Are You Putting Your Freelance Copywriting Business at Risk?

“I’m working my butt off and writing all the time, but I’m barely scraping by. What’s wrong with me?”

You know the difference between a successful copywriter with disposable income and one that’s just getting by?

The first copywriter isn’t just a good writer. She’s a smart businesswoman, too.

Every year, I hear about new copywriters entering the space – and that’s a wonderful thing. But there’s a scary side to this too. Although these folks may be whip-smart copywriters, they may not know a darn thing about running a business.

And that will, eventually, bite them in the butt.

Here’s a reality check: if you don’t have the business side of your business tight and wired, you will fail.

You won’t make the money you can make.

You’ll burn yourself out.

You may find yourself “stuck” paying a tax liability that you weren’t expecting to pay.

You may need to refund money to a client due to a bad contract.

In short, you’ll feel like you’re on a hamster wheel of a lot of work for little pay.

And that’s not why you’re in business for yourself.

Want to avoid this trap? Get business-savvy. Now.

Whether you’ve been in business 10 minutes or 10 years, here are some things to think about:

  • Are you writing what you love to write? Or are you gritting your teeth before every gig? If you’re not enjoying what you do, you’re not going to do a good job.  What other writing tasks will make your fingers fly, your heart soar and your pocketbook fill with cash?
  • Does it feel like every client you have pays late (if at all,) is a pain in the ass to deal with and doesn’t appreciate your work? You’re attracting the wrong type of client. It’s time to let some clients go and track down a new target audience.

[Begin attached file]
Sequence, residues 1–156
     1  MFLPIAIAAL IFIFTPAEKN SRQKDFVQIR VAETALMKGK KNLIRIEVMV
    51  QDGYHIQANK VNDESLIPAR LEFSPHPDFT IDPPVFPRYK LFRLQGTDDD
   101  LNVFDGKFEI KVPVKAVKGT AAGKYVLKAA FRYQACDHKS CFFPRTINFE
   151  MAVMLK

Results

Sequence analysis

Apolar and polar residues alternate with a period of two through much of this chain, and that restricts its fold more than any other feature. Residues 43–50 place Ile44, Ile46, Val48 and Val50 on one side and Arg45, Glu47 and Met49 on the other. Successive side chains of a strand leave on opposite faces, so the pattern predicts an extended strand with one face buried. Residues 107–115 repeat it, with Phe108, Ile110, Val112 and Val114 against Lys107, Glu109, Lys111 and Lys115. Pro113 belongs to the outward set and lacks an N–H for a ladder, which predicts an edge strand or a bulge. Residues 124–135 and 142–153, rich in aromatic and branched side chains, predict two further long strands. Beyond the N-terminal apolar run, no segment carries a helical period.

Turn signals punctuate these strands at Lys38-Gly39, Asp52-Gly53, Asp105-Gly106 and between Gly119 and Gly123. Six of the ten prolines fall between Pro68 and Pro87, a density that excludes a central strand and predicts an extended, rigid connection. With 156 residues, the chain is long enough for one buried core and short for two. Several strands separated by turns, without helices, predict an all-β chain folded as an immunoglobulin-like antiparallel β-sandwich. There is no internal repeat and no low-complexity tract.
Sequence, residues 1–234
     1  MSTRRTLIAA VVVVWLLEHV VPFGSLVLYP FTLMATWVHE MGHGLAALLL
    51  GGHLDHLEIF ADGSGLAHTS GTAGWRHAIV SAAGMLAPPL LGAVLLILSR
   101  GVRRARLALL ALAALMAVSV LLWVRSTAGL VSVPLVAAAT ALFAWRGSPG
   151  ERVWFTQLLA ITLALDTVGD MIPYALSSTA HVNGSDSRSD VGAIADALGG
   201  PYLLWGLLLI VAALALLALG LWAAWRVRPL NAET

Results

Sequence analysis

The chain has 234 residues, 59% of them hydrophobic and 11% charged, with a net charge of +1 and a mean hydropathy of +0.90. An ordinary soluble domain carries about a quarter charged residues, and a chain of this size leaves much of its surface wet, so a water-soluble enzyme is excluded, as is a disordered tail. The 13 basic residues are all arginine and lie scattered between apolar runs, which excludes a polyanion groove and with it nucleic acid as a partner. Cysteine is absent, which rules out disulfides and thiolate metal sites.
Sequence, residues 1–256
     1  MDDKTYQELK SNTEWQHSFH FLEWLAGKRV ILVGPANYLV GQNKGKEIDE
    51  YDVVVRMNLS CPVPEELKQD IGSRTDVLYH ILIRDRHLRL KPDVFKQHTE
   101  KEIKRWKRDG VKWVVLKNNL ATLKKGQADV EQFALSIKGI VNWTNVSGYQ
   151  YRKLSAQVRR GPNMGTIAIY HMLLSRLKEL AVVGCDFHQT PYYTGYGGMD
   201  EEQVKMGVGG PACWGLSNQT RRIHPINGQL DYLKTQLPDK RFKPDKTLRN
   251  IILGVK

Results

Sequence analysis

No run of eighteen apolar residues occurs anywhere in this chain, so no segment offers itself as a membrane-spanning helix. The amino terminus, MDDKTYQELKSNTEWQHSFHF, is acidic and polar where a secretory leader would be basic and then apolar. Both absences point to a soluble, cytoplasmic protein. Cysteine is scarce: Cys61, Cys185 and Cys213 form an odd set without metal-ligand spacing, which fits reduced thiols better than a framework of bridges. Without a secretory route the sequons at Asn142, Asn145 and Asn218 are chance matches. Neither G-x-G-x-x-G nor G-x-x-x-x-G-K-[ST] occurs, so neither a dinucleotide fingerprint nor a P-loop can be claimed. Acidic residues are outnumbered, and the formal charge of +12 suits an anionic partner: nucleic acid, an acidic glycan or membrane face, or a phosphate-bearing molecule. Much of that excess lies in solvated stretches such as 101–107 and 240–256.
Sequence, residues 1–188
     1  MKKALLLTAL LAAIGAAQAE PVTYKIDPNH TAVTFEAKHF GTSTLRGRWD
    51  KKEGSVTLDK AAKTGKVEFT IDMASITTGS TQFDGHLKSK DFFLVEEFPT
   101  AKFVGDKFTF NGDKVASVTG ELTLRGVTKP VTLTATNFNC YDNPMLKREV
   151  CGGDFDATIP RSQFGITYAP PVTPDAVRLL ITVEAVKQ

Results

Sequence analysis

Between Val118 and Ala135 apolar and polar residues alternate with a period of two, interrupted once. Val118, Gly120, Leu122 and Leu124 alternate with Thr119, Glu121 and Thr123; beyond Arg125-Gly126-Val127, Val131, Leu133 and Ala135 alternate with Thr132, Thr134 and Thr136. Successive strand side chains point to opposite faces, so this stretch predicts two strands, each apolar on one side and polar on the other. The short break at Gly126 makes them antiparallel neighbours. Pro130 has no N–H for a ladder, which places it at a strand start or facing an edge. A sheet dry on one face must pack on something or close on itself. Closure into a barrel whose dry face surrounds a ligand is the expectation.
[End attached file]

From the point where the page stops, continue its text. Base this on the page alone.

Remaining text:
• What is your contract like?  I’ve seen a bad writing contract almost bankrupt a writer. Don’t let this happen to you – even if you feel like you can “trust” your client. Find an attorney who can help – it’s not going to cost as much as you think.
  • How many prospects are in your sales pipeline? How do you find prospects? Do you wait for them to contact you (bad idea.) Or are you proactively tracking them down?
  • What happens if you get sick or tragedy strikes? Do you have a colleague who can fill in and handle the work (because flaking out on your client is never, ever an option.)
  • Are you working with a tax professional? There is nothing worse than discovering that you have a huge tax liability that you could have avoided with a little planning. A savvy accountant will make sure that you’re in the best financial position.
  • Are you spending hours creating proposals and then not getting the gig? How is that working out for you? Have you considered that there may be another way of packaging your services?
  • How much money do you have in your business savings account? If you need something – like a new computer – how do you plan to pay for it? And no, saying “my credit card” is not a smart option. :)
  • What’s your unique sales proposition (your U.S.P.) How do you communicate your U.S.P. to prospects? If you can’t communicate what makes you unique, you won’t land the gigs you want.

Your business is like your baby – and you need to do everything you can to protect it and help it grow. That may mean spending money on contracts and consultants. Or incorporating your business. Or even firing some clients and retooling your sales and client acquisition strategy. Any time or cash that you spend improving your company will always pay off  – and you’ll enjoy the freedom (and fun) of a well-managed, profitable copywriting business.